By Jimmy Deaton
One of my New Year’s resolutions this year is to make the garden even more pollinator friendly and for good reason. Just recently, the bumble bee was listed as an endangered species, becoming the first wild bee in the continental United States to gain federal protection. This breaks my heart because I have found bumble bees to be very social insects. Every year, Angie and I always have one that hangs out around the deck, and whenever we are outside he/she just loves to hover around us, probably chatting up a storm although we can’t tell. I’m sure it’s not the same one year after year, but it’s nice to see that they have the tendency to being friendly.
So what do we do to protect them? And not just the bumble bee, but other bees, butterflies and other beneficial insects? The ones that pollinate the plants that provide us with food and hunt and destroy the bad insects that wreck unwanted havoc in the garden.
Well….follow these simple steps to create a pollinator-friendly landscape around your home and/or workplace:
- Use a wide variety of plants that bloom from early spring into late fall. Help pollinators find and use them by planting in clumps, rather than single plants. Include plants native to your region. Natives are adapted to your local climate, soil and native pollinators. Do not forget that night-blooming flowers will support moths and bats. Bats?!! Yes bats. They are great at keeping the mosquito population numbers down and also love flies in their diet as well. Remember that annual flowers usually bloom all summer long while a good part of perennials bloom for a short period of time. Something to take into consideration when planning on what to plant and where.
- Avoid modern hybrid flowers, especially those with “doubled” flowers. Often plant breeders have unwittingly left the pollen, nectar, and fragrance out of these blossoms while creating the “perfect” blooms for us. There are a multitude of flowers that they love and remember the heirlooms when shopping for them. I have found in our yard they especially love lantana, zinnia’s, scaveola and sunflowers and you’ll find a multitude of insects on and around them throughout the day. Herbs such has the various mints, chives, lavender, and Mexican sage are a big hit as well. And don’t forget that a lot of those so called pesky weeds are very beneficial to our pollinator friends – especially clover, buttercups and dandelions. These ‘plants’ are sometimes the first ones available to supply them with the food they need.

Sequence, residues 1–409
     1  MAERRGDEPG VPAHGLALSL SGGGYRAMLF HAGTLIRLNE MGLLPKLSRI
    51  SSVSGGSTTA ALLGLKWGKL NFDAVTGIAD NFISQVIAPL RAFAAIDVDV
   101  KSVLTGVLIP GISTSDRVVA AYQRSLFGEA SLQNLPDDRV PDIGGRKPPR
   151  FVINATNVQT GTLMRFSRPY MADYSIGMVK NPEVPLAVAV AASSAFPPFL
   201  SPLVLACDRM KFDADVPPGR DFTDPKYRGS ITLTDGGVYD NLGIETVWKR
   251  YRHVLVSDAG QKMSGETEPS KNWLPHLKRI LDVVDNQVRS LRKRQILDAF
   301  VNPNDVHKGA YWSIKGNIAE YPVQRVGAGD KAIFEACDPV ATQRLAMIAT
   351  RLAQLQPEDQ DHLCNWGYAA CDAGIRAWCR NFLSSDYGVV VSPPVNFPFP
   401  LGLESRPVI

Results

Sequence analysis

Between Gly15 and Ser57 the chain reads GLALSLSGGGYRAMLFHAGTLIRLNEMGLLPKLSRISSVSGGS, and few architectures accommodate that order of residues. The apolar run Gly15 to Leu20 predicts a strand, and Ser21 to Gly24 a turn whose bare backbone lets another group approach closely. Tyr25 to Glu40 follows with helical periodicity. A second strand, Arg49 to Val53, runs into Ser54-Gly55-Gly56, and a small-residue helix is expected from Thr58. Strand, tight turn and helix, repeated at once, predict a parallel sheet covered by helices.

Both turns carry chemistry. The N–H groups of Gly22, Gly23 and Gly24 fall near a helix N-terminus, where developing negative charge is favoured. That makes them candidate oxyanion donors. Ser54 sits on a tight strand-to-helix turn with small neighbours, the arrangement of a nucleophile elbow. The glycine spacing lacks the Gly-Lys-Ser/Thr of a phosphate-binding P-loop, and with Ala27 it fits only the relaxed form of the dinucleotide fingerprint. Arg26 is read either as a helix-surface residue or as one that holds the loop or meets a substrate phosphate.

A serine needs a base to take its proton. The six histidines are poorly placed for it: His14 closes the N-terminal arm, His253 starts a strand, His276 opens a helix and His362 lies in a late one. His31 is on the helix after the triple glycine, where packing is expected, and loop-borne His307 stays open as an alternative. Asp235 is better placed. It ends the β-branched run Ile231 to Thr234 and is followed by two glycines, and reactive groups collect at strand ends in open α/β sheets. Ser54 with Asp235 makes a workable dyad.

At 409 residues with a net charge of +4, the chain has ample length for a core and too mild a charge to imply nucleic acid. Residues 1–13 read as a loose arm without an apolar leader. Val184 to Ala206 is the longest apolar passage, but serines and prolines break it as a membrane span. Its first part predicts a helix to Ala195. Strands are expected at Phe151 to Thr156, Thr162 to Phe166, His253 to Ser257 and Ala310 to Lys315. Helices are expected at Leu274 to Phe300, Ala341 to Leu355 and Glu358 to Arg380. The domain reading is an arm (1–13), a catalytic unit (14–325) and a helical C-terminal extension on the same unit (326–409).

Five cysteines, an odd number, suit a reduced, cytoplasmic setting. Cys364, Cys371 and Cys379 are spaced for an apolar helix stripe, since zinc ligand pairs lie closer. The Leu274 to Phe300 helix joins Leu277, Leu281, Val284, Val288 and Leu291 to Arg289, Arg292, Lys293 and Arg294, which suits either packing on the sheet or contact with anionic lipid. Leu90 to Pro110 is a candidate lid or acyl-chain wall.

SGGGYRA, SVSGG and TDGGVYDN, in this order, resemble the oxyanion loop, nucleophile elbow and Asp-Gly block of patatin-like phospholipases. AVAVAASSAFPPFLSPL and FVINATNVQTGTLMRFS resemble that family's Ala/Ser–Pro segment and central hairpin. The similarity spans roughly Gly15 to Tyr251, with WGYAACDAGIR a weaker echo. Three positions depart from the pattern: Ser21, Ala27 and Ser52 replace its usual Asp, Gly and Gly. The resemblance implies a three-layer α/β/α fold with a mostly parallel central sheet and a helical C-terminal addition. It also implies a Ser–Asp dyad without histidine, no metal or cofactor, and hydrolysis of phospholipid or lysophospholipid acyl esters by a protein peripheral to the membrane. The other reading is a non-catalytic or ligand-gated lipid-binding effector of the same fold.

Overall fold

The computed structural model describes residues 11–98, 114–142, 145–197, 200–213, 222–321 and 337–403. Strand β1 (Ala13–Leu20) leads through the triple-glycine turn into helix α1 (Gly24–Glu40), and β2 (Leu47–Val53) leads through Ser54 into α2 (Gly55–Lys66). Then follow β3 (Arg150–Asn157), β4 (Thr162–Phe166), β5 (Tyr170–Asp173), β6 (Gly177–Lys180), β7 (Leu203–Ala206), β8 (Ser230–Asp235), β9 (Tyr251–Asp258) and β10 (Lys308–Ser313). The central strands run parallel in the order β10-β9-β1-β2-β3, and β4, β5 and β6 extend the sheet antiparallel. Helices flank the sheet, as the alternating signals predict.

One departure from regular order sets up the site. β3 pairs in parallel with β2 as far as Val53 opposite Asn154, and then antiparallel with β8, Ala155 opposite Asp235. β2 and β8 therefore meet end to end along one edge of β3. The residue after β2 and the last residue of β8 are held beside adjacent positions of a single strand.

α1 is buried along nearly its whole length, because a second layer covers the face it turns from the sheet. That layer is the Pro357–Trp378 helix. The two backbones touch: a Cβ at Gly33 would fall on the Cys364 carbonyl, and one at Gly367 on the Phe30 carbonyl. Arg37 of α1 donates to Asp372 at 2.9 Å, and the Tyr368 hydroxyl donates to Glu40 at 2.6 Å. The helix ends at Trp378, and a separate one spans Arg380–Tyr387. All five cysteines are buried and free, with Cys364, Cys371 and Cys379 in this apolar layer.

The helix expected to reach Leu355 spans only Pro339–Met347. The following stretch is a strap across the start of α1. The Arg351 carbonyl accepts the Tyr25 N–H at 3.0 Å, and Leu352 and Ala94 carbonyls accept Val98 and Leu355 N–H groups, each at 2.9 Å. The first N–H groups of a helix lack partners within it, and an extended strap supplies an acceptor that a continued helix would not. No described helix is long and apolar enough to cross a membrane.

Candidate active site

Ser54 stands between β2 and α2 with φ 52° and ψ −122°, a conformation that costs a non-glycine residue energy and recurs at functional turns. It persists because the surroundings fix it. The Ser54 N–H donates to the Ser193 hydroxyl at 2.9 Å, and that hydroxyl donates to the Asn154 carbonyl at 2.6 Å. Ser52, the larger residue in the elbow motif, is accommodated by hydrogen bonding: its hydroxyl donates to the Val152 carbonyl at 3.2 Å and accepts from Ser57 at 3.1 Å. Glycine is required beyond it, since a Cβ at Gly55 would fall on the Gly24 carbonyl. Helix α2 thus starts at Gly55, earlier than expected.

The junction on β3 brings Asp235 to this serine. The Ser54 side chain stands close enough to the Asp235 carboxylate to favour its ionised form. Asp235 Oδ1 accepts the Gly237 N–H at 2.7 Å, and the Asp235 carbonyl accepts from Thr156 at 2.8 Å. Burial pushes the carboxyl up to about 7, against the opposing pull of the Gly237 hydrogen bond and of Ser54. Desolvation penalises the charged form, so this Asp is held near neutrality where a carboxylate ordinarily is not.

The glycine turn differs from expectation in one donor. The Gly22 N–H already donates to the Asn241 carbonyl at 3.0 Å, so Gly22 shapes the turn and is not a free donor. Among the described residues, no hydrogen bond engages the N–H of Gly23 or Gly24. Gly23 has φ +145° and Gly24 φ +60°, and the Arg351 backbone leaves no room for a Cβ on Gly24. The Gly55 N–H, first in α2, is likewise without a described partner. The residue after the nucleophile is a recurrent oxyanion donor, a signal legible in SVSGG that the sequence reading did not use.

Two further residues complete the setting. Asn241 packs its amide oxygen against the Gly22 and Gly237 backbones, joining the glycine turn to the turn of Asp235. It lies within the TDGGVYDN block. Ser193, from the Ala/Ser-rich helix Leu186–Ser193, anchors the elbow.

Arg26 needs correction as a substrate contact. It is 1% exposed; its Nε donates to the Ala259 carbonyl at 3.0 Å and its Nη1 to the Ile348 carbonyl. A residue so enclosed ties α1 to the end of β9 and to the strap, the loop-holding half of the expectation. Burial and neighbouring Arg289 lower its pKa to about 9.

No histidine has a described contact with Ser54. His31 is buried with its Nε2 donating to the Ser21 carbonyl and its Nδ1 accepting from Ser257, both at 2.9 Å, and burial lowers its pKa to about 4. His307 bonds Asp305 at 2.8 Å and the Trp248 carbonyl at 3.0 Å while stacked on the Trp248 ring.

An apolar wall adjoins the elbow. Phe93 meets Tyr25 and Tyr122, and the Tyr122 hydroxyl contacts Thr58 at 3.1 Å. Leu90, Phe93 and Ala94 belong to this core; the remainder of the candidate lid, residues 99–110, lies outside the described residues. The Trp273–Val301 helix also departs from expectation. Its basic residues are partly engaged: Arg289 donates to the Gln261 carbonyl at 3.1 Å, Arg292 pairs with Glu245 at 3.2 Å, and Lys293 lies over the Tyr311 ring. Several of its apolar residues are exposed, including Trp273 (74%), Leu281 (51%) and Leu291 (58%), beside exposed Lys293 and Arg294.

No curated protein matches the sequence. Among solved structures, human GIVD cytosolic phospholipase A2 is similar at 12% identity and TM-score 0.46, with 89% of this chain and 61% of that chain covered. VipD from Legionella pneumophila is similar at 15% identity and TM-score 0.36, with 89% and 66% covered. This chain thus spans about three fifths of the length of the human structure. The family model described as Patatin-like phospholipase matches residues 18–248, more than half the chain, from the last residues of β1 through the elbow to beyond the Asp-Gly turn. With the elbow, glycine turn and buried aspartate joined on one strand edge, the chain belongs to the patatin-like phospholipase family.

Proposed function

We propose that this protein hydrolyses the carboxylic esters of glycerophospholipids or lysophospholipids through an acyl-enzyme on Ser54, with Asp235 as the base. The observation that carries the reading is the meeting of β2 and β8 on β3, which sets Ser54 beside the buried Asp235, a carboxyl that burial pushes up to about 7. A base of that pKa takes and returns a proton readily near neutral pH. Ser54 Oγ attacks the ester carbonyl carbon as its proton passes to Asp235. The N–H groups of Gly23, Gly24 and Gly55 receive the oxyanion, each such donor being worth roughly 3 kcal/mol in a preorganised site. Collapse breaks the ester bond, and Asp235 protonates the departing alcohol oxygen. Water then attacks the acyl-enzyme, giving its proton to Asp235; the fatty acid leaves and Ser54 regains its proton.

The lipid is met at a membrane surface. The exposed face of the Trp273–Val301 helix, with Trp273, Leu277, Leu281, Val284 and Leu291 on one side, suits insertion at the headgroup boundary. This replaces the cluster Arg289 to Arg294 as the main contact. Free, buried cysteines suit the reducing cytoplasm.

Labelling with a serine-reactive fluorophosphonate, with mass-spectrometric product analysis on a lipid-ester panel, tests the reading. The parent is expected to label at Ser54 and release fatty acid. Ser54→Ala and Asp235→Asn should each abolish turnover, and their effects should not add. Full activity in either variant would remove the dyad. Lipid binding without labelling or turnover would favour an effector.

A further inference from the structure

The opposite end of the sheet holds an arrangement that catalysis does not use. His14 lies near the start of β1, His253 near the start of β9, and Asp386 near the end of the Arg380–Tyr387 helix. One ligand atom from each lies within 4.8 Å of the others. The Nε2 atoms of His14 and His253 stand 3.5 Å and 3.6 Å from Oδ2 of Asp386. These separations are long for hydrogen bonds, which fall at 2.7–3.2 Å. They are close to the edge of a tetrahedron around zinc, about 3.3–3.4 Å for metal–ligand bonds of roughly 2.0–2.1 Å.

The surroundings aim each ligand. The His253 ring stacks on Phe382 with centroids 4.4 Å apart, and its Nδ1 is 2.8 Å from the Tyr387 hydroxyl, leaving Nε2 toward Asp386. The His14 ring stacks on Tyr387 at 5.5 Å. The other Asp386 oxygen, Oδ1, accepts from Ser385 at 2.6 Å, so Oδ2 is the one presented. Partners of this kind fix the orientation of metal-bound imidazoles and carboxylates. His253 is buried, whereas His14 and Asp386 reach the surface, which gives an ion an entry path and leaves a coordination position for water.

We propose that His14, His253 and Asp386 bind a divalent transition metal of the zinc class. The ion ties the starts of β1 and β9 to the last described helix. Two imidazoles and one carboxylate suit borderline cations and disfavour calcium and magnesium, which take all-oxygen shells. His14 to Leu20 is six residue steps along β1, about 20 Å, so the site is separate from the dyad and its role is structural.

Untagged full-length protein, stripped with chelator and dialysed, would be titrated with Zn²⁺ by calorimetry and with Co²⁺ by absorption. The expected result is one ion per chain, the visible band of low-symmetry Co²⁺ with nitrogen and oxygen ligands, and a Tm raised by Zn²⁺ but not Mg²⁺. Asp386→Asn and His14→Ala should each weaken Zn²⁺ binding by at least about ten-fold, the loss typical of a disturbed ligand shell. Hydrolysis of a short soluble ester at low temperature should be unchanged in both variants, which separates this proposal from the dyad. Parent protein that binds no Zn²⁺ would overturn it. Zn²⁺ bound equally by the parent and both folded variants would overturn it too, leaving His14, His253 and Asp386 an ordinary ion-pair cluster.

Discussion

- Eliminate pesticides whenever possible. If you must use a pesticide, use the least-toxic material possible, preferably an organic one. Read labels carefully before purchasing, as many pesticides are especially dangerous for bees. Use the product properly. Spray at night when bees and other pollinators are not active. And remember by hosting the beneficial insects they will seek and destroy those that you wish were not around.
- Include larval host plants in your landscape. If you want colorful butterflies, grow plants for their caterpillars. They WILL eat them, so place them where unsightly leaf damage can be tolerated. Accept that some host plants are less than ornamental if not outright weeds. A butterfly guide will help you determine the plants you need to include. Plant a butterfly habitat! For the monarch, milkweed is essential.
- Create a damp salt lick for butterflies and bees. Use a dripping hose, drip irrigation line, or place your bird bath on bare soil to create a damp area. Mix a small bit of table salt (sea salt is better!) or wood ashes into the mud.
- Spare that limb! By leaving dead trees, or at least an occasional dead limb, you provide essential nesting sites for native bees. Make sure these are not a safety hazard for people walking below. You can also build a bee refuge by drilling holes of varying diameter about 3 to 5 inches deep in a piece of scrap lumber mounted to a post or under eaves. Google will give you multiple ideas if you search bee houses. I actually used an old small diameter wind chime for a mason bee refuge after I found them starting to nest in it.
- You can add to nectar resources by providing a hummingbird feeder. To make artificial nectar, use four parts water to one part table sugar. Never use artificial sweeteners, honey, or fruit juices. Place something red on the feeder. Clean your feeder with hot soapy water at least twice a week to keep it free of mold.
- Butterflies need resources other than nectar. They are attracted to unsavory food stuffs, such as moist animal droppings, urine and rotting fruits. Try putting out slices of overripe bananas, oranges and other fruits, or a sponge in a dish of lightly salted water to see which butterflies come to investigate. Sea salt provides a broader range of micronutrients than regular table salt. And remember to plant butterfly bushes and milkweed in your landscape as well.
- Learn more about pollinators. Get some guidebooks and learn to recognize the pollinators in your neighborhood. Experiment with a pair of close-focusing binoculars for butterflies, bees and humming birds.